3.  Where does the arbitration take place?

     Most arbitration claims are settled without a hearing’s being necessary. But if a case cannot be settled, the hearing is usually held near the customer’s residence at the time her claim arose.

 4.  How long does a claim take to be resolved?

     The average arbitration claim is closed within eleven-and-a-half months. An unusually complex case, or one involving many motions and disputes, can take up to eighteen months.

 5.  Will the investor face a deposition?

     Almost certainly not. Depositions are not used in securities arbitration except to record a dying witness, preserve the testimony of someone who cannot attend the hearing, or facilitate a complex case. Even then, telephone testimony or video conferencing often replace the traditional in-person deposition.

 6.  Who decides a securities-arbitration claim?

     A panel of one arbitrator decides the case if the damages sought are less than $100,000; three arbitrators decide if the claimed damages are more. When there is one arbitrator she is a public arbitrator, which is someone who is not associated with a broker–dealer or with a securities-industry organization. When the panel consists of three arbitrators, two are public arbitrators.

     To determine who will serve as an arbitrator, the investor’s attorney researches the candidates that the arbitration forum gives him, and selects those whose backgrounds appear to dispose them favorably toward the investor. The stockbroker’s counsel does the same for her client. Then a panel is chosen from the selected names.

 7.  Will the investor face harsh cross-examination?

     Dramatic Hollywood-style questioning will not occur at the hearing; but the investor should be prepared to explain how well she understood her investments. If the broker’s attorney can show that the investor had an MBA or subscribed to investors’ newsletters, for example, she may have trouble convincing the arbitration panel that she did not understand her investments. Or if the investor studied a stock and then told her broker to buy it, she may face embarrassing questions if she claims that her broker forced her to buy the stock and its risk level was too great for her.

     Ideally, no surprises arise on cross-examination. The investor should have revealed to her lawyer beforehand any facts that can hurt her, and she should be prepared to explain those facts in a way that keeps them from harming her case.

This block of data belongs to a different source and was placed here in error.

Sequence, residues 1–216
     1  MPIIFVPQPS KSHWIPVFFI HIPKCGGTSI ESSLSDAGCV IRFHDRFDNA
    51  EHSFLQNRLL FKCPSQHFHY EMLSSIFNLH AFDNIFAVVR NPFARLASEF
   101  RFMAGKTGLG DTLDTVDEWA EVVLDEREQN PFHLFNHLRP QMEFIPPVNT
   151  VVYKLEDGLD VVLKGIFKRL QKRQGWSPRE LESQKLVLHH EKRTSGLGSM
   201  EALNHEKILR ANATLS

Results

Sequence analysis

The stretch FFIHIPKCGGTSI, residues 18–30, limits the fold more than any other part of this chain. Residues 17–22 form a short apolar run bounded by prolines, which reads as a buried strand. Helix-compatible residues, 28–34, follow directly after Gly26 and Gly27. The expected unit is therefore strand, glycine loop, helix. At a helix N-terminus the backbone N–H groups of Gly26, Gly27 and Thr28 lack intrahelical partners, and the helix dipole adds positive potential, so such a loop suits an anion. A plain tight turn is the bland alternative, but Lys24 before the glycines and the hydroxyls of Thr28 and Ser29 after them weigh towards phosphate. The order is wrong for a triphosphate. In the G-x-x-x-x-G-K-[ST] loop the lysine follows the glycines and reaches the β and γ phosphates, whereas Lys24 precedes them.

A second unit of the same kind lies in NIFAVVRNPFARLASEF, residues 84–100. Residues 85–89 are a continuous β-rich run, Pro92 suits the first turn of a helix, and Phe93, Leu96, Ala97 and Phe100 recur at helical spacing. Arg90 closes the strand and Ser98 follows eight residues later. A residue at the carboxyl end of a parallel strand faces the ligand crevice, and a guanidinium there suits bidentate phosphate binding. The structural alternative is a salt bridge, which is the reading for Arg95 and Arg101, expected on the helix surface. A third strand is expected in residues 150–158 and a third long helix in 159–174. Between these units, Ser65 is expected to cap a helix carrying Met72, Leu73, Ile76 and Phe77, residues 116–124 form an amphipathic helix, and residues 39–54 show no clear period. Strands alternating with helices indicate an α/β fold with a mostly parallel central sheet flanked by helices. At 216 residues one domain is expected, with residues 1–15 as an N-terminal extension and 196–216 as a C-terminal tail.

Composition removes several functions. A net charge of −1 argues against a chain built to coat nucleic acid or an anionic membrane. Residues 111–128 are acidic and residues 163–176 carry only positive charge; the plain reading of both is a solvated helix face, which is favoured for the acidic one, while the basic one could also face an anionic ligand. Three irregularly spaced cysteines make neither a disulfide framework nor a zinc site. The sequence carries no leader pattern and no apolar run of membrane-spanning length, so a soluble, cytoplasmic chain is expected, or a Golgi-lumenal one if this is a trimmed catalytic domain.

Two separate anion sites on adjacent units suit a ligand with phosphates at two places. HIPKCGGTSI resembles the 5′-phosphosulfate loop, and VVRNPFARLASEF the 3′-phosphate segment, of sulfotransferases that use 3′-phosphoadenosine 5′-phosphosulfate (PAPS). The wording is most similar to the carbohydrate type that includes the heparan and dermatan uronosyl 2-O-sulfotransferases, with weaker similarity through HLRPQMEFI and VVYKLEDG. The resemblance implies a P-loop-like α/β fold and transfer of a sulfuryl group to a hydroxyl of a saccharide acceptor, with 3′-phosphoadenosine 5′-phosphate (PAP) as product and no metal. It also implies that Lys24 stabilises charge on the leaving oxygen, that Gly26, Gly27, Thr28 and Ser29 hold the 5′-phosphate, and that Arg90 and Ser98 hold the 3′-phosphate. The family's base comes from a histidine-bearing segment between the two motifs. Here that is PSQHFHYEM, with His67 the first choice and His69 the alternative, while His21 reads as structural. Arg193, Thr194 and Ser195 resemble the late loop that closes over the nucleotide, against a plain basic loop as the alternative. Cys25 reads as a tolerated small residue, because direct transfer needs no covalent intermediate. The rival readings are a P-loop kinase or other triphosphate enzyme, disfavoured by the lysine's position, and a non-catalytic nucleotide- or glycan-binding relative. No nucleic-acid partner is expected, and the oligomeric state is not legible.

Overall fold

If there is damning information that undermines the investor’s whole theory of recovery, the case should not be filed at all. And the time to discover that is before the case is brought, not at the hearing.

 8.  Where will the hearing be held if the investor lives outside the United States?

     FINRA rules require a foreign investor with a brokerage account at a FINRA-registered firm to file her case in the United States. But the hearing can be held abroad under certain conditions.

 9.  Why are investors’ claims against their brokers decided by arbitration instead of by a court?

     Because of a contractual provision: brokers’ retainer agreements invariably require the investor to arbitrate all disputes that arise between her and the broker.

10. How likely is an investor to succeed with a claim?

     The odds are very good. The publication Securities Arbitration Commentator has reported that 80% of all cases settle with the investor making a recovery, and that of the remaining 20% which go to a hearing, over half the cases produce an award for the investor. Those figures do not tell how much the investor recovered, but they show that she is likely to recover something.

11. Should an investor complain about her broker’s misconduct to the Securities and Exchange Commission or FINRA?

     Such complaints, which can also be made to state agencies, may cause the stockbroker to be fined or disciplined, but they rarely obtain money for the investor. Filing an arbitration claim is a far better way for an investor to recoup her losses.

12. How are investors’ losses calculated?

     Customers who have been victimized by excessive, unsuitable, or unauthorized trading may incur commissions and other costs because of the broker’s improper trading. The excessive charges that they paid are their losses.